Yet a collective approach to scheduling must be balanced with the inherent uniqueness of each asset; as with bringing new fields online, there are few instances where a ‘one-size-fits-all’ approach can be adopted. The solution in this case is ensuring the right expertise is on hand to examine the costs involved in each operation. ITF’s Foreman noted: “A number of platforms and infrastructure were not designed with decommissioning in mind, which adds complexity. The lower oil price has also meant that income from production does not meet the opex for a field which has sped up the ‘cease in production’ process. Once infrastructure has ceased production, the decommissioning process can begin and operators look at the removal of the asset and the costs associated with it.” Operators who have succeeded in undertaking decommissioning work so far, he says, have been successful because they are constantly improving their work processes.
Transparency and promotion of these challenges is also vital. According to Laurenson, “There needs to be more visibility of the technical challenges being faced by the industry. Operators need to engage the supply chain to look for cost-effective solutions together and realise the opportunities that technology can bring when the problem is faced and the right minds are involved.”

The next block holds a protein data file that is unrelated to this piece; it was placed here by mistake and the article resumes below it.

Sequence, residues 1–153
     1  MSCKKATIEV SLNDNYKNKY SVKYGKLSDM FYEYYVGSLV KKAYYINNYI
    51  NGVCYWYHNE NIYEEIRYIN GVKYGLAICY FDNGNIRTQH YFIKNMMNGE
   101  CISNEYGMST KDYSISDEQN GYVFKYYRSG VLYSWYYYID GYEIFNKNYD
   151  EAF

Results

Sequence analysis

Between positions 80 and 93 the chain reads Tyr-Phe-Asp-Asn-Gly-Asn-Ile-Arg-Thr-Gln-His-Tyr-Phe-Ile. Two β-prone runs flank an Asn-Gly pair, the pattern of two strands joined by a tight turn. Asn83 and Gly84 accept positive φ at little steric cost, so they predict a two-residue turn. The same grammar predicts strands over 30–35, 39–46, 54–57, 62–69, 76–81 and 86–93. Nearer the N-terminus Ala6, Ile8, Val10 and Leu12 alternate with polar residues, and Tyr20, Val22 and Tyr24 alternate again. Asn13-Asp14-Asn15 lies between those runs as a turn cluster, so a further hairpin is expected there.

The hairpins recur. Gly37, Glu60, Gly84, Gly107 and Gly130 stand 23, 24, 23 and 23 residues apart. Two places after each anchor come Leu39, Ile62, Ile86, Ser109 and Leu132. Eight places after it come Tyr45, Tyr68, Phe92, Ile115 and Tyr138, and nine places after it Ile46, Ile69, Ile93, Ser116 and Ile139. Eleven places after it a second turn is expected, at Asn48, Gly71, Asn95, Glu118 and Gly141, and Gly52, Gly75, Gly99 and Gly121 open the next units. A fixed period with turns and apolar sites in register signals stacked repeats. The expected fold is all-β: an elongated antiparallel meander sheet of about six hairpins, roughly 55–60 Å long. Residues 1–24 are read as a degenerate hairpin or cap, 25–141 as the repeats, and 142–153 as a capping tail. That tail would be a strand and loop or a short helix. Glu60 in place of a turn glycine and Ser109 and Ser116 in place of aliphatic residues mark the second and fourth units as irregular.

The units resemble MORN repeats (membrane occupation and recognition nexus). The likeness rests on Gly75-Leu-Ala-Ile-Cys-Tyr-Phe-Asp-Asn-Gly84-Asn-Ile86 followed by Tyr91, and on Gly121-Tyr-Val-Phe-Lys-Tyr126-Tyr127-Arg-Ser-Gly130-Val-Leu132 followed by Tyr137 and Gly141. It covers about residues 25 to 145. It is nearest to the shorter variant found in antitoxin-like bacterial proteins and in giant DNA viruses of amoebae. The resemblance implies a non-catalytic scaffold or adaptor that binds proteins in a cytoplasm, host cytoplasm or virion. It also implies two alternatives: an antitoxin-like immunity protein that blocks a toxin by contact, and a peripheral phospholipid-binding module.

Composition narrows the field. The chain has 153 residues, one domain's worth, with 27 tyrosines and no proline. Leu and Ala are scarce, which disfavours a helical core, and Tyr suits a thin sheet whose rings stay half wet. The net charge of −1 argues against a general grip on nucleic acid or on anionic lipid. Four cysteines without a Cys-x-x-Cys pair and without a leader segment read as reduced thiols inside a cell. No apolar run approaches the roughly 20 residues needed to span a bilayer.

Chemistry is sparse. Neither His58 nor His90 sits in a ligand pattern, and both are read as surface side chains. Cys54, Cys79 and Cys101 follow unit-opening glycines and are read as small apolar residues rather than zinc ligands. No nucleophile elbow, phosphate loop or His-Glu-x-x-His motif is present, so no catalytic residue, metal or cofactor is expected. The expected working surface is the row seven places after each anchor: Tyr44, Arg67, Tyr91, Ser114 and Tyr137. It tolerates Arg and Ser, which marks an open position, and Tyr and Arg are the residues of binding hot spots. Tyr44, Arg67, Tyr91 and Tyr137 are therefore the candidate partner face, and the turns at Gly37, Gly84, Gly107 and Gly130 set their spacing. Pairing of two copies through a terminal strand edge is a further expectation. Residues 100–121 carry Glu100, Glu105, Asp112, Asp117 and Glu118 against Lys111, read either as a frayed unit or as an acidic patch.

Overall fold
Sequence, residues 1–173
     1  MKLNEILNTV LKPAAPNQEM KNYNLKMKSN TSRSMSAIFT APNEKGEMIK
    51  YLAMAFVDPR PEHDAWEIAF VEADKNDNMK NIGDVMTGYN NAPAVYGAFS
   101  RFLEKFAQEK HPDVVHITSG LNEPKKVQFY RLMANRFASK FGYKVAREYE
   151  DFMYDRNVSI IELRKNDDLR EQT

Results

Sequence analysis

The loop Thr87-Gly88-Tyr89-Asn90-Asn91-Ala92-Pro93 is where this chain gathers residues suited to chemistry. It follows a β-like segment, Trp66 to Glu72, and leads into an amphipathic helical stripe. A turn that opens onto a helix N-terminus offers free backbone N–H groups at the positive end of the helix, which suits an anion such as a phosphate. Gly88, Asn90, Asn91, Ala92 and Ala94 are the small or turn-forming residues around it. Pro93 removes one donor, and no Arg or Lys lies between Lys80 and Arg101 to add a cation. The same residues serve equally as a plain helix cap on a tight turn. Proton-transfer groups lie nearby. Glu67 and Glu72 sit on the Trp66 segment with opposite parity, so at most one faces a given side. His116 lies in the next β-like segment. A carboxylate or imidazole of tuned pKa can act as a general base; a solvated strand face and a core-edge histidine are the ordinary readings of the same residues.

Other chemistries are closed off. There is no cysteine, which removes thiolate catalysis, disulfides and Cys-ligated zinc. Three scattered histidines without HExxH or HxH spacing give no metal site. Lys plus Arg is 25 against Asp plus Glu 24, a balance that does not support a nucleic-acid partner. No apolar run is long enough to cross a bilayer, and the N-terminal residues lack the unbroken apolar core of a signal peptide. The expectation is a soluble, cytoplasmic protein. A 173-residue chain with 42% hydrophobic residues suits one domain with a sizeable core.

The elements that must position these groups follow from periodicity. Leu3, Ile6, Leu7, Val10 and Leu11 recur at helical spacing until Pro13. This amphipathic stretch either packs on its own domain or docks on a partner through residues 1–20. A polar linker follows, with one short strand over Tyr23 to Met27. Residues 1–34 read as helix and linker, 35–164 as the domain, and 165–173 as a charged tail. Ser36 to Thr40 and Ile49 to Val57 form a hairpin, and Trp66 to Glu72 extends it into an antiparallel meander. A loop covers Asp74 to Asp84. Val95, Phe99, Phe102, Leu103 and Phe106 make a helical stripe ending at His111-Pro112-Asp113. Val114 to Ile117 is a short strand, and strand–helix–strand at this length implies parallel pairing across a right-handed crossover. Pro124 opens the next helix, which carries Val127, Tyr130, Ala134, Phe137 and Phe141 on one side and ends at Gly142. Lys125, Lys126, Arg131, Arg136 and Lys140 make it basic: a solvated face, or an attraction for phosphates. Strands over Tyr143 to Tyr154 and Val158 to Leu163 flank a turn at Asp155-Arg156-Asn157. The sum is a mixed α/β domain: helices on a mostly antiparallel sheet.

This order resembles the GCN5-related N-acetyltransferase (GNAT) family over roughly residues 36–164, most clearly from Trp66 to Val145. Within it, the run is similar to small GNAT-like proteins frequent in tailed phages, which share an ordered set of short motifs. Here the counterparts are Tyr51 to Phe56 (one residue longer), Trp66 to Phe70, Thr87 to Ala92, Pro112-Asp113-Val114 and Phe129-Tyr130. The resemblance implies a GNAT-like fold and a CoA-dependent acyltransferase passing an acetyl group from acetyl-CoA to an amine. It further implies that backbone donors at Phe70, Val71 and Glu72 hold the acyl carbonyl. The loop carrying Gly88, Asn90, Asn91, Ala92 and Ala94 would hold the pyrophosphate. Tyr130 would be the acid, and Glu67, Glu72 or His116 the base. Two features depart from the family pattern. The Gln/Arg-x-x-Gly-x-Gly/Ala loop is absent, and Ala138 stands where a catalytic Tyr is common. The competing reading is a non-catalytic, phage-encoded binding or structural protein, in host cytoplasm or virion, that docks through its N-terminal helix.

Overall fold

That includes promoting the search outside oil and gas. Both Foreman and Laurenson drew attention to the necessity of technology transfer from industries such as the nuclear, aerospace, automotive and medical sectors; ITF in particular is working hard to support that process within its membership.
Testing the waters Other barriers may be structural and/or behavioural. The ‘race to be second’ is a well-documented problem for technology developers, and decommissioning is no exception. It can therefore be difficult to encourage asset owners to take perceived ’risks’ with their strategy and adopt new technology when existing methods – even if they are costly or inefficient – are at least known.
Laurenson elaborated on this: “There is a dichotomy where operators will say that they are embracing innovation, but when it comes to executing the work they may prefer to stick with tried and tested methods and ‘off the shelf’ equipment. There may be barriers to technology uptake, for instance, if the contracting strategy does not adequately address the risk/reward profile and how it is partitioned between the operator and contractor.”